Mette Helena Rasmussen is a visual artist educated at the Royal Academy of Fine Arts in Denmark, an Interior stylist and founder of Retro Villa. She writes for several interior magazines and blogs about interior design, styling and DIY and appears on Danish Television as an Interior expert. She creates inspiring house features for several Interior magazines with Photograpger Tia Borgsmidt. Mette Helena has two children and lives in Copenhagen. Intense, business woman to her fingertips and a steamroll. Mette Helena Rasmussen has been called a lot of things. However – she is also a very talented stylist, artist, brave and always has a smile on her face. And she is one of the women in the industry that I admire most. For who else could come up with the idea to spend all her savings on buying an entire basement full of 60s and 70s wallpapers before wallpapers were even hot in DK? And who else has landed her first article on the front of one of DK’s most read interior magazines? Well, I’m just asking. This lady is a trained artist from the Royal Danish Academy of Art and besides doing styling assignments for companies such as Georg Jensen Damask, Flügger and Casalinga, she is also doing styling projects and articles for numerous magazines. I have asked Mette Helena about her wildest career move, and what she is up to right now.
Do you call yourself an artist, shop owner or stylist? All of the above. And I can easily imagine adding more over time. I’m more of a stylist today than I am an artist, but I hope that I will again have time to work on my art.
You are being called a tough business woman – are you? I think of myself as an accomplished businesswoman, and my business must make a profit, so I’d rather turn down a job and keep my price, than to let someone try to make me cheap. However, I’m not tough. On the contrary, I try all the time to be kind and loving to myself, so I only do work that gives me energy and that I’m passionate about. As a boss I’m very large and try to give my colleagues a lot of independence and responsibility, because Retro Villa is a joint venture project.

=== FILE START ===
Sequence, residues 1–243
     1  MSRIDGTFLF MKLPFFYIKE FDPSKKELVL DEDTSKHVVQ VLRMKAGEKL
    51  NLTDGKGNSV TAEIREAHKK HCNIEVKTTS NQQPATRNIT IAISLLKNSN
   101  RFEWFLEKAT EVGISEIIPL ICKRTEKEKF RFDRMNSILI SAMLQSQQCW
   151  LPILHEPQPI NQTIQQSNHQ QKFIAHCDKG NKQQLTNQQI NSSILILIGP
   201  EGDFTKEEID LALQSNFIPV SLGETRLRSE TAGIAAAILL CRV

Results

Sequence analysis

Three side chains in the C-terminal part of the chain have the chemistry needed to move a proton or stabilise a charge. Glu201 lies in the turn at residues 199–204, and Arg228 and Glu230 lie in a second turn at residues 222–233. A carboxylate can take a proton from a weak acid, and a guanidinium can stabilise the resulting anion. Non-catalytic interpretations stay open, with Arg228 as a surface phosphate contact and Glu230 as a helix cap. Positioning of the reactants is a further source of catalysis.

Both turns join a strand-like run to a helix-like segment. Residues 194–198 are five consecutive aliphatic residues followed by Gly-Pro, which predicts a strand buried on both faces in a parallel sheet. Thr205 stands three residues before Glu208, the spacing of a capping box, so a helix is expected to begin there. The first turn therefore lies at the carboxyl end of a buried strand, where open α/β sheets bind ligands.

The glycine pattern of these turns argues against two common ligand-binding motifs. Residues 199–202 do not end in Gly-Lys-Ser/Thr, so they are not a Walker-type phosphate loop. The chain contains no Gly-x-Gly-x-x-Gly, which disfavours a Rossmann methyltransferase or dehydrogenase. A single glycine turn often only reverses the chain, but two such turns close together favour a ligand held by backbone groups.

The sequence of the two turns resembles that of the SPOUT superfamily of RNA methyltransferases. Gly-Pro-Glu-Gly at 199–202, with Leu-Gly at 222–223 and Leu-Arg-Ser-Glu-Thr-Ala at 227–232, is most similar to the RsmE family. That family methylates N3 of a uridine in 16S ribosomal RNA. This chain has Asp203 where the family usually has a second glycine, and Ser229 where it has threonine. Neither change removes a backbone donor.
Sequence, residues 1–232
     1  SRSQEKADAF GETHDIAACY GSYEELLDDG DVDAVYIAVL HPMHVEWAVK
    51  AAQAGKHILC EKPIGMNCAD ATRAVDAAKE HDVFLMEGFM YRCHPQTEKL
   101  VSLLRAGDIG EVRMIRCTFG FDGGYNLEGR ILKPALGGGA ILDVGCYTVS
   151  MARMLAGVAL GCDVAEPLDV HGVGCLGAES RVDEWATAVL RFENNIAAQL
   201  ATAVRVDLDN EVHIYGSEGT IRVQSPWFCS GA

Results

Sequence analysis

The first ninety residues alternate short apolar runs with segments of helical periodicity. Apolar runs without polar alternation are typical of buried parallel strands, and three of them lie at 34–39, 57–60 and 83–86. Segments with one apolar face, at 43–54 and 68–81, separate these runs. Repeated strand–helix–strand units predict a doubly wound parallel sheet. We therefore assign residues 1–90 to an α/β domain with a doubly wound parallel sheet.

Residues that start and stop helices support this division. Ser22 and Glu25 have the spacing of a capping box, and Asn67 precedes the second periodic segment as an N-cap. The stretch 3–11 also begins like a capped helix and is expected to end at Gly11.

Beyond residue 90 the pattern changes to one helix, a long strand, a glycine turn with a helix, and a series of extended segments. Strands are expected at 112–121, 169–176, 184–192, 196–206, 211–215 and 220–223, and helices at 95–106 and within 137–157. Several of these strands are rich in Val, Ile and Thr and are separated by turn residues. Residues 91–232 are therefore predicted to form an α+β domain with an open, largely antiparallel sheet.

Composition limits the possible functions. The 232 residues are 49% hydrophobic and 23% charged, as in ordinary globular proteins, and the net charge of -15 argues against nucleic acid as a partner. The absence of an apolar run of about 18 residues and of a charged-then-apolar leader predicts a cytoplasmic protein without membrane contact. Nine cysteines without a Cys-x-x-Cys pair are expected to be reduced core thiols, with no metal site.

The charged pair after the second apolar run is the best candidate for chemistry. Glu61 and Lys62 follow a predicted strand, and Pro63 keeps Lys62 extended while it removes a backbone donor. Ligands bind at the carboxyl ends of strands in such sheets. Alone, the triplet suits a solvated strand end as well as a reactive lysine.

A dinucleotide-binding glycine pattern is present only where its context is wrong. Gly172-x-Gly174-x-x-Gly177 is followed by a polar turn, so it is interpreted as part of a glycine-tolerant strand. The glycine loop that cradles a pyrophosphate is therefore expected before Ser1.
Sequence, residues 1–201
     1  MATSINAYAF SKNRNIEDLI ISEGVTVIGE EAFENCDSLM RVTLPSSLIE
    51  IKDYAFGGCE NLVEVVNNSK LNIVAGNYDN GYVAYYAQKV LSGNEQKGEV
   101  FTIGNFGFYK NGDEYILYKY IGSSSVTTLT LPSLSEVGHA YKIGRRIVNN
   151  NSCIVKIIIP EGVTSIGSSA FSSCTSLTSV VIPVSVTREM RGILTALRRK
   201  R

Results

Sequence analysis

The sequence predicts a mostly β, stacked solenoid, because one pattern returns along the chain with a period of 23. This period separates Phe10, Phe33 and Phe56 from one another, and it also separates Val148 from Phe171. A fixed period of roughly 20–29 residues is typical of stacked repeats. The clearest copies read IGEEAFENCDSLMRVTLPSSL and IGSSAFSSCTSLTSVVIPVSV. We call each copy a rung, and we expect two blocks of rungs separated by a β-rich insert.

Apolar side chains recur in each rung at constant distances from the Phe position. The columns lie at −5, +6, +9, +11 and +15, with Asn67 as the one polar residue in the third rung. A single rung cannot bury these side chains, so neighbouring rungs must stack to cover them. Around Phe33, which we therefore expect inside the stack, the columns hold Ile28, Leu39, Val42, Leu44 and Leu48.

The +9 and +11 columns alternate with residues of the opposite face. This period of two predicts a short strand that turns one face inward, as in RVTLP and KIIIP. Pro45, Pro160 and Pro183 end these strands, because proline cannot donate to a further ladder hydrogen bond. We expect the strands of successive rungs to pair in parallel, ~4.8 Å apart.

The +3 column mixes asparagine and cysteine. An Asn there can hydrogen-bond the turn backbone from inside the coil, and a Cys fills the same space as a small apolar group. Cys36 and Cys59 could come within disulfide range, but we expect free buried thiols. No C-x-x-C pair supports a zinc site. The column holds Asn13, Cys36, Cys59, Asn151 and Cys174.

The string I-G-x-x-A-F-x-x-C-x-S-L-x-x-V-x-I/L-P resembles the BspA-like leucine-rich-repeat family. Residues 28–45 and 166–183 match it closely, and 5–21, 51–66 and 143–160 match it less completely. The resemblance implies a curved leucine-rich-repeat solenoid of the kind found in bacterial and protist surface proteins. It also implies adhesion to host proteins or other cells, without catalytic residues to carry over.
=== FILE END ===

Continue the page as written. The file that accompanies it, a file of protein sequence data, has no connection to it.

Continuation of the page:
What is your wildest career move? My career is filled with a lot of good moves and constant change. While I was at the Academy, I dreamed of finding a creative job. I emailed the editors of Bolig Magasinet and BoligLiv, and asked if I could get a job as an assistant. They explained to me that they bought cases from freelancers. From that moment on I was an independent stylist, and my very first article ended up on the front page of Bolig Magasinet. The following year I was an interior expert in Velkommen Hjem on TV3. And shortly after I opened my own shop Retro Villa, and I was very proud when Bolig Magasinet nominated Retro Villa for the Shop of the Year Award – and it was perfectly ok when Paustian won the award.
What is the best thing about doing living reportages? Stepping into other people’s very different homes, ideas and their world for a while. Seeing their solutions and hear the stories about why the tabletop had to be lava rock, or how they made the grips on their wardrobe. It’s liberating to visit personal homes, where they have put a lot of thought into their house, its capabilities, limitations, and especially its style. I would like to see anything else than the same Kähler vases, Hay-pillows, prints, which are printed out by a graphic artist, who is crazy about pink, and Kubus-candleholders, that I could have visited in Illums Bolighus. In fact, I would rather turn around old ceramics and stoneware bowls and see if it should be made of some Erik in ’79.
What are you doing right now (we promise not to tell anyone)? I’m in the middle of shooting a new television program that I’m doing together with ALT for damernes editor Nicola Kragh Riis. It is very exciting and still a little hush-hush, but I can reveal that it is going to be aired in the autumn and is about flea market finds – one of my great passions.
What is your best feature? I am interested in other people and love to get them to tell their story. And I’m honest and curious, have a memory like an elephant, and a keen eye for new trends. Read the interview here
Photos by Tia Borgsmidt